Was this another rhetorical comment? If it wasn't, I'd have to correct you. During the past years several MS researchers have stated that MS could be a two-stage disease, where inflammatory phase (RRMS) is often followed by degenerative phase (SPMS, PPMS). Naturally I haven't bought it ;-)TonyJegs wrote:Neurogenerative disorders (of any kind) never have been considered as “two-stage” disorders, they are always complex, all structures and all cells are involved simultaneously in certain degree.
I hear you. In other words you're stating that demyelination in lesions has to come before axonal injury, not vice versa in any circumstances, right? And it would be impossible for any kind of axonal dysfunction to cause local demyelination seen as lesions?TonyJegs wrote:It is physiologically impossible to have a myelinated axon, say 7 inches long, and have isolated local demyelination of it, say between 3,5 and 4 inches, only. Any axonal damage causes the demyelination distantly of the site of damage as well as proximally later.
In case of MS we have a situation when several hundreds of axons of different length, different size, different thickness of myelin, from neurons of different location in gray matter, met somewhere in the middle of the brain in local (bordered) lesion, but axons are not the cause here. They are victims :)
2. You got me right about axonal injury in WM, myelin damage comes first.
Lyon wrote:This is not in the least intended to be hostile because in your time here much of what you've said seems very sensible and it seems you have a direct knowledge of neurological functions. On the other hand, some things you mention directly contradict what we're used to hearing.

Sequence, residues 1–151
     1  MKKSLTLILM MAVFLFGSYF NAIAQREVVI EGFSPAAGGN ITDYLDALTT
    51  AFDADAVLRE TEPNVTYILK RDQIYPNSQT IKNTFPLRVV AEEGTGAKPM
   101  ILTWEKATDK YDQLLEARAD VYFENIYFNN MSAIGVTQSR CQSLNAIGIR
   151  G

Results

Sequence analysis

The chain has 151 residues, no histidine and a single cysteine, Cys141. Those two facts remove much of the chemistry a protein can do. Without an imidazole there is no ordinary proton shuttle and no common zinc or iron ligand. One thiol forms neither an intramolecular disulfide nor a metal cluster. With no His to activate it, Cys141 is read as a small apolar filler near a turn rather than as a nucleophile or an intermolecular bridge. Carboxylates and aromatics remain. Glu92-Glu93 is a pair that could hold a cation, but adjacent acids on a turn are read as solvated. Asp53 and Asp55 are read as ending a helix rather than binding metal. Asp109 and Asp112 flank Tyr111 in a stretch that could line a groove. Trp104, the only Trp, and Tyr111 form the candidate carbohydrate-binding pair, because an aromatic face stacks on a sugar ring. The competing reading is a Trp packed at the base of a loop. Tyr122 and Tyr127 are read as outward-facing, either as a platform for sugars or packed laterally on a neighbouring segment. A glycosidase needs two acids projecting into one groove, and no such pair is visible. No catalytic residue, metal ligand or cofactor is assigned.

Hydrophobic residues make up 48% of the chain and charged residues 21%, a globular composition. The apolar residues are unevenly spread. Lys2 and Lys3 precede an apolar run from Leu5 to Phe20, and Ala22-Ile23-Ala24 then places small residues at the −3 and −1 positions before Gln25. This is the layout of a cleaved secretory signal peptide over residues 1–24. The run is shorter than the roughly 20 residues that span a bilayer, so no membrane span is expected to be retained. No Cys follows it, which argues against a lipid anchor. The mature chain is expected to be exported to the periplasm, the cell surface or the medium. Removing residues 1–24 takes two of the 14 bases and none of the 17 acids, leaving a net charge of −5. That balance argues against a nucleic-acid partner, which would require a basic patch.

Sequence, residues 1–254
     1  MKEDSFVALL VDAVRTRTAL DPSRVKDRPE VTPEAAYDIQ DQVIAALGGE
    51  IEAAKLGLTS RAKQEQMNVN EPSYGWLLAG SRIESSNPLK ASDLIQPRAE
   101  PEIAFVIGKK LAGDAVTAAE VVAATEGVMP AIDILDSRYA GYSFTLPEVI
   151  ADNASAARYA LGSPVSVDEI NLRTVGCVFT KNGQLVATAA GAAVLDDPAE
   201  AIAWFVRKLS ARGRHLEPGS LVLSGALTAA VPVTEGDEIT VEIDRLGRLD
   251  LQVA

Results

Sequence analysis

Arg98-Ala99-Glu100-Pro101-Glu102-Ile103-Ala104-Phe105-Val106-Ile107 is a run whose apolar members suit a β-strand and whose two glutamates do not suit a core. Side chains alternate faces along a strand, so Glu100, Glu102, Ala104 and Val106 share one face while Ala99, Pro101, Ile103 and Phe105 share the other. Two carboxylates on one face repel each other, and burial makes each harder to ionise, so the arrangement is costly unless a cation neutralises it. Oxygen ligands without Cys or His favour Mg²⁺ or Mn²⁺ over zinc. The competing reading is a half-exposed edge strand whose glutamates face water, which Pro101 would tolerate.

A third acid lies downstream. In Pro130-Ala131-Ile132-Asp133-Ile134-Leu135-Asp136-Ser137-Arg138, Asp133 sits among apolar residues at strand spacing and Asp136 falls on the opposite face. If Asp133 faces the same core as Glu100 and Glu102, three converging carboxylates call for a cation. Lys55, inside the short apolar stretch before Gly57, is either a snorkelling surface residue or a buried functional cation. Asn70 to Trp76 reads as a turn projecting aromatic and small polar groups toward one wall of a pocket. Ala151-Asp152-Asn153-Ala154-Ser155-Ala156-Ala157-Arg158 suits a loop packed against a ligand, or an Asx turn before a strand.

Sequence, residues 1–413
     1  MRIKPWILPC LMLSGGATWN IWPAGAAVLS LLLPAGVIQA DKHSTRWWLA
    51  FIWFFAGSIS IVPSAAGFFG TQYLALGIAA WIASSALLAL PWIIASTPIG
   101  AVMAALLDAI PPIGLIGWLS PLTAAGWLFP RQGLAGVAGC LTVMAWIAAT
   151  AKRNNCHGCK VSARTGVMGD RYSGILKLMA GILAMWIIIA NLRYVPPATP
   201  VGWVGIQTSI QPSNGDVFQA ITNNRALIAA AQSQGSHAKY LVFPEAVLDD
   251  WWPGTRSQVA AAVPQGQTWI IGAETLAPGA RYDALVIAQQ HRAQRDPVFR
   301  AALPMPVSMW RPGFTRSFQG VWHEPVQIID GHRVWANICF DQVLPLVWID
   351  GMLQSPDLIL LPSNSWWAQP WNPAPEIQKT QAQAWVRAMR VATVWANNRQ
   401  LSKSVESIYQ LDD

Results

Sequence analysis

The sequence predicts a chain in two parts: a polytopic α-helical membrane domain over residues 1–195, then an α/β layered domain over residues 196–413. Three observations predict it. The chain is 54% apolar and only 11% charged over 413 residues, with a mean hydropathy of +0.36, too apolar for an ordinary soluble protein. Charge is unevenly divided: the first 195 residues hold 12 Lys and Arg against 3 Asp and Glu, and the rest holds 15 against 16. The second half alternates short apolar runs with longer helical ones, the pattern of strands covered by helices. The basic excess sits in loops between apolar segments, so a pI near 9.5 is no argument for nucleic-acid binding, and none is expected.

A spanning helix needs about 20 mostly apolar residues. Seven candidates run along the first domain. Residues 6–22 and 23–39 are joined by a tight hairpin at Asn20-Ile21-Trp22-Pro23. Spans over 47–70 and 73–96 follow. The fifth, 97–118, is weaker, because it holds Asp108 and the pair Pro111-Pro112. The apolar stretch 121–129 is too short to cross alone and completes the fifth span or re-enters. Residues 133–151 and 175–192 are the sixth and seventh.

I'm in the search of truth so I have nothing against....and in fact I look forward to strong evidence which contradicts conventional knowledge, but in order to give it any weight I need more to go on.
Thanks to administration of this forum for possibility to share opinions in an unobstructed way
Axons, which went through the site of damage (MS lesion), reacted to this ‘catastrophe’ differently.
My knowledge of myelin thickness was limited to the assumed differences between the genders (based on the mice studies--men have thicker myelin than women I think ??) and I didn't realize there was so much general variation in myelin thickness that was itself dependent on the thickness of the axon. Did I understand that correctly? It's always possible I didn't.
What do you think this 'catastrophe' is (I'm assuming you didn't mean it's the lesion itself)? What in your opinion initiates the 'catastrophe' (damage to the myelin)? Or, is that something that's still an unknown?
Why women are protected from MS relapses during pregnancy? The level of estrogens goes down as protection from abortion (biological common sense)
Our data give further support to the notion that progression in MS is an age dependent process independent of relapses.
In both animals and humans, vitamin D serves as an important endogenous and/or exogenous regulator of neuroprotection, antiepileptic and anticalcification effects, neuro-immunomodulation, interplay with neurotransmitters and hormones, modulation of behaviors, brain ageing, and some other, less-explored, brain processes. SUMMARY: Vitamin D emerges as an important neurosteroid hormone in the brain, with a strong potential for age-specific applications…..
Users browsing this forum: wombat